(If I'm going to assume people know who wrote Dune, I should do no less for this much greater novel.)
I think now that the version of Great Expectations which I read in the ninth grade must have been abridged, as it appeared in our literature textbook along with a number of short stories and poems, and it's not a brief book--not that long as Dickens novels go, but substantial. I also wonder whether it was simplified for us, because there are many passages that would be difficult for most fifteen-year-olds. Nor do I recall the confusion I think I would have experienced in trying to make sense of the locations in and near London which Dickens assumes are known to his readers. But maybe I've just forgotten that.
I do remember the principal characters--the orphaned boy Pip; his shrew of a sister who has grudgingly taken him in, along with her good-hearted husband Joe; the convict Magwich; the half-crazed and vengeful Miss Havisham and her young ward Estella. And I remember the basics of the story. Above all I remember the cold beauty Estella and Pip's hopeless obsessive love for her. I don't know about the average fifteen-year-old, but I at that age was ever ready for and usually involved in some intense infatuation. Pip's condition spoke to my own.
I doubt that I missed the irony of the title. But I also doubt that I fully savored it, because I would not have known that it was a conventional phrase with a more specific meaning than I would have realized. Apparently it referred to the expectation of a substantial inheritance or other gift of money and/or property, and of course would not have had for me the connotations that it did for those accustomed to its everyday use. If there were today (and maybe there is) a novel called Doing Well about a person or family with a lot of money and as much trouble, the title would have a resonance for us which it might not have a century from now, or to anyone who for cultural reasons did not recognize the financial implications of the phrase. (I've heard it said of the Philadelphia Quakers that "they came to America to do good, and they did well.")
But I didn't need that nuance to feel the shock of the difference between what Pip expected and what he actually received. If you know the story you know that the irony twists around again to make the collapse of Pip's expectations the making of him as a man. At the height of his brief ascent, he seems to be turning into an insufferable popinjay. I really didn't remember how he dealt with his benefactor after he learned the truth, and was pleased to find that he rose to the occasion, at great cost to himself.
Great Expectations was right around a hundred years old when I first read it. Now we are both sixty years older, and I've just re-read it for the first time. I like it more now than I did then--perhaps with less intensity, but certainly with more respect. Pip's lunatic quasi-love for Estella no longer touches me as it did, except as a memory of my own youth. More interesting to me now is the Estella who appears in the last few pages, humbled by suffering. And still more interesting is the Estella she might have become: if Pip had married her, would he have found, fifteen or twenty years later, that he had married the temperamental twin of his sister? Or would she have become a solid woman, as Pip became a solid man, a woman whom he would not have loved less as her beauty faded?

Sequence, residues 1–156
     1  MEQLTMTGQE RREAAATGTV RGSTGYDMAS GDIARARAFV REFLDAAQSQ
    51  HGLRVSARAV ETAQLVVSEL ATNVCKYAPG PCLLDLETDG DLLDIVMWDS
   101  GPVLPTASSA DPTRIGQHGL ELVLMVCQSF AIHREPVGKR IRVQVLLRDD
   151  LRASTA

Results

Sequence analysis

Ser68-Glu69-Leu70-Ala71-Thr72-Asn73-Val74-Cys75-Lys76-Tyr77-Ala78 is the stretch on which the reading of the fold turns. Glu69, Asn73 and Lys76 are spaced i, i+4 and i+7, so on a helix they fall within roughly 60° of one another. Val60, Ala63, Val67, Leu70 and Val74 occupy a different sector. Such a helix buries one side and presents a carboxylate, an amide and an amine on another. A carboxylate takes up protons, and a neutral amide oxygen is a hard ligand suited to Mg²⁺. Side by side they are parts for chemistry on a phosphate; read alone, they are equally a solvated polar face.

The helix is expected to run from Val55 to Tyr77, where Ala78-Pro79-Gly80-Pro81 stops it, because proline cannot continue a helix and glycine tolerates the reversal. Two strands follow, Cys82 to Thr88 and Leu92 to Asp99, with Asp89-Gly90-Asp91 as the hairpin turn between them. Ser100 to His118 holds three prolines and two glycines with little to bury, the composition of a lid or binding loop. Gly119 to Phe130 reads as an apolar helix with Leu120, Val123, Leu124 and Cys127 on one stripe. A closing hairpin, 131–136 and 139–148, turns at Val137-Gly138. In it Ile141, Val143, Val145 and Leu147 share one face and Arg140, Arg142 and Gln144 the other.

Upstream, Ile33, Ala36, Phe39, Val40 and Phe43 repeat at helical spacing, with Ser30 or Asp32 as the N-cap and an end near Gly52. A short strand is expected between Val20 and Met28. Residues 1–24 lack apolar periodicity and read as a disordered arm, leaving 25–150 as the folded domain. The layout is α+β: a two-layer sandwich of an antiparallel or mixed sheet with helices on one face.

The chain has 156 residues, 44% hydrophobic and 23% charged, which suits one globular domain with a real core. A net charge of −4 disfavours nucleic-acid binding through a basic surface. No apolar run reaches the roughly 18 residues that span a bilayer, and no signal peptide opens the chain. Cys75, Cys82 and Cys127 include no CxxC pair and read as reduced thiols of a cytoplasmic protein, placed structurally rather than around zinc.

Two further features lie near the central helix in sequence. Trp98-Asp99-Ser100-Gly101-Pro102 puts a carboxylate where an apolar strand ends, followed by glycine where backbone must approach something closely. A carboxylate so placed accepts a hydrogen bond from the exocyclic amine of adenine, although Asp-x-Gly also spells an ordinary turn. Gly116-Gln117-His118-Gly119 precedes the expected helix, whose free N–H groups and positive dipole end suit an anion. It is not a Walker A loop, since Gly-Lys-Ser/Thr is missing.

Dickens, as you may know, wrote two endings, one happy and one unhappy. The latter was his original intention, but he was talked out of it by Edward Bulwer-Lytton and wrote another, which was the one published. Personally I would like to have them combined. The happy one has a meeting and a substantial conversation between Pip and Estella, and a promise that they will never part; the unhappy one has only a brief encounter, and a parting that seems almost deathlike. I like the conversation in the happy one, in part for the insight it gives into the development of the two people. But a happy ending stains the sadder-but-wiser purity of the condition in which we leave them.
The two endings have in common a memorable figure: the possibility that Estella now understands (in the happy ending), or will someday understand (in the unhappy one), "what [Pip's] heart used to be." Dickens must have thought that was worth keeping, and he was right.
The 19th century was the great age of both the symphony and the novel, the age which fully defined and perfected them. The latter has fared better than the former since then (or has it?--I'll have to think about that), and Dickens's best work might serve as the exemplar. Yes, Great Expectations, like some other Dickens novels, is often sentimental and often relies on improbable coincidences. But it's a great story, and although it doesn't deal explicitly or directly with the big questions (as, for instance, Dostoevsky's work does), they are very much alive in the plot and characters. There's a strong argument that they should only or mainly be found there, but there are many exceptions. Dostoevsky would not be a great novelist if they were only explicit, and not also implicit; that is, not only also fully embodied.